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September 26, 2022

Good Morning? 56

By Lydia Manx

I don't know why, but I was expecting Star to drive towards the main entrance of the defunct salt mines. Like next to where they used to let the kids off for the tours and where the elevator shaft was. Stupid, I know but I'd been expecting to go in that direction. Instead she was driving out of the city and took a small road off the highway that was nearly impassable for even the huge SUV she drove.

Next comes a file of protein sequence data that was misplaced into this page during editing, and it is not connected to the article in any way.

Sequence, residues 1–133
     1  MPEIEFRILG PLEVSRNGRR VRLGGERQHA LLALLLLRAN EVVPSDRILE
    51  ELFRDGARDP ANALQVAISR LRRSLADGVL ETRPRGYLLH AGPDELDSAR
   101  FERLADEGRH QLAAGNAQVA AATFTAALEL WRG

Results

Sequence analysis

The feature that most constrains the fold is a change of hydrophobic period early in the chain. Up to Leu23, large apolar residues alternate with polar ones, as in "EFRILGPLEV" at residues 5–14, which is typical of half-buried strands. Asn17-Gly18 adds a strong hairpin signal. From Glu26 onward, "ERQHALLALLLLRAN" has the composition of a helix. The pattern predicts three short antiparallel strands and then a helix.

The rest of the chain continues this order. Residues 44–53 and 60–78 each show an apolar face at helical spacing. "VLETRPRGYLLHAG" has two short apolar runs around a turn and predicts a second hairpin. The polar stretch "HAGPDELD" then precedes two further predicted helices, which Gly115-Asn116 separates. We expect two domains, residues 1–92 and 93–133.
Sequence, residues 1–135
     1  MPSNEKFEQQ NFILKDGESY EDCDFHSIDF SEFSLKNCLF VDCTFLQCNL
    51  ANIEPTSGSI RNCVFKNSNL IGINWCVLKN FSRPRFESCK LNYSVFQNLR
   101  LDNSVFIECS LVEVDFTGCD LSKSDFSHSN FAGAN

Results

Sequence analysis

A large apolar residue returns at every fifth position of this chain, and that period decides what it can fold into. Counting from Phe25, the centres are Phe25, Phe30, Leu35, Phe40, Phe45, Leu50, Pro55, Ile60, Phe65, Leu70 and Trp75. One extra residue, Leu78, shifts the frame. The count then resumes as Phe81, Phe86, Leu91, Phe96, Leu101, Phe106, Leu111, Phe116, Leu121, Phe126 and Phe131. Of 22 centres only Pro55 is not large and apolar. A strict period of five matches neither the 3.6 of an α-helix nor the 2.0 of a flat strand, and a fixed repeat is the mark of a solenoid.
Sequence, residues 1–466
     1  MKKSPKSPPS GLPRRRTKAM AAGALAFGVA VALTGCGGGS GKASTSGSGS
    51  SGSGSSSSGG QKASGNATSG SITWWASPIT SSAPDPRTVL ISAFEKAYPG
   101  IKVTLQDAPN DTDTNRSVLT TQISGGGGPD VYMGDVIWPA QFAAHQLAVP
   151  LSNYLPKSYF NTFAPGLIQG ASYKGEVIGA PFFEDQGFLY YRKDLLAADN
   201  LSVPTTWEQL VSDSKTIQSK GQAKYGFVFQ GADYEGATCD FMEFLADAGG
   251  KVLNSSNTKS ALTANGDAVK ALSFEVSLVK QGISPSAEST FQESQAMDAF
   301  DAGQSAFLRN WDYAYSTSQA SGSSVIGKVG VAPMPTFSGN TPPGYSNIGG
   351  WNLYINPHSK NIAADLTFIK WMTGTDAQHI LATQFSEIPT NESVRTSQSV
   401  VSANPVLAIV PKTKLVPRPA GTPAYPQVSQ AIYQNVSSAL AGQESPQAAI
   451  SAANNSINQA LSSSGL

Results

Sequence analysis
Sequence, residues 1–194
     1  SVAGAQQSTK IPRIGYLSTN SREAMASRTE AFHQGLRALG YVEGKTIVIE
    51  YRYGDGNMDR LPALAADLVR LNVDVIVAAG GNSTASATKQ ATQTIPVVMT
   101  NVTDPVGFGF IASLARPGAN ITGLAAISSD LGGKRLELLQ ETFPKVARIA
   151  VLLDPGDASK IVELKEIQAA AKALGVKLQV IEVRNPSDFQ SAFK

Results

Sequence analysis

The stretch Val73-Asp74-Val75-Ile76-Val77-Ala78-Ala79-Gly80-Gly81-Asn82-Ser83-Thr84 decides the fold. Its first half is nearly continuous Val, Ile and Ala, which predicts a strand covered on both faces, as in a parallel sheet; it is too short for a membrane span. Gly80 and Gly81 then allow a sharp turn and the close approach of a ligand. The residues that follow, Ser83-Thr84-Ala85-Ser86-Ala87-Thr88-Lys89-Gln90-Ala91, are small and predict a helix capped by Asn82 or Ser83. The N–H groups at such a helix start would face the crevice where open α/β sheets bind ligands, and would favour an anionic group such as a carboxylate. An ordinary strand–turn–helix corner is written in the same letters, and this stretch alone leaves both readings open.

Gordon and Riley had stopped talking once we left the highway and began to look around the snow filled wasteland with keen interest. It dawned on me that they knew roughly where they were heading. Maybe from one of those meetings they had while I hid from Star in the bedroom. She gave me the creeps the longer we were around each other. Again she seemed to know I was thinking of her, and she made a point of turning around and giving me another one of those damn odd winks. The car veered slightly into a snow bank and she quickly turned back to wrestle the vehicle back into the somewhat-defined ruts. It didn't seem that a plow went over that part of the road much and there really wasn't a road in the opposite direction. I wondered what happened when we reached a point of no return.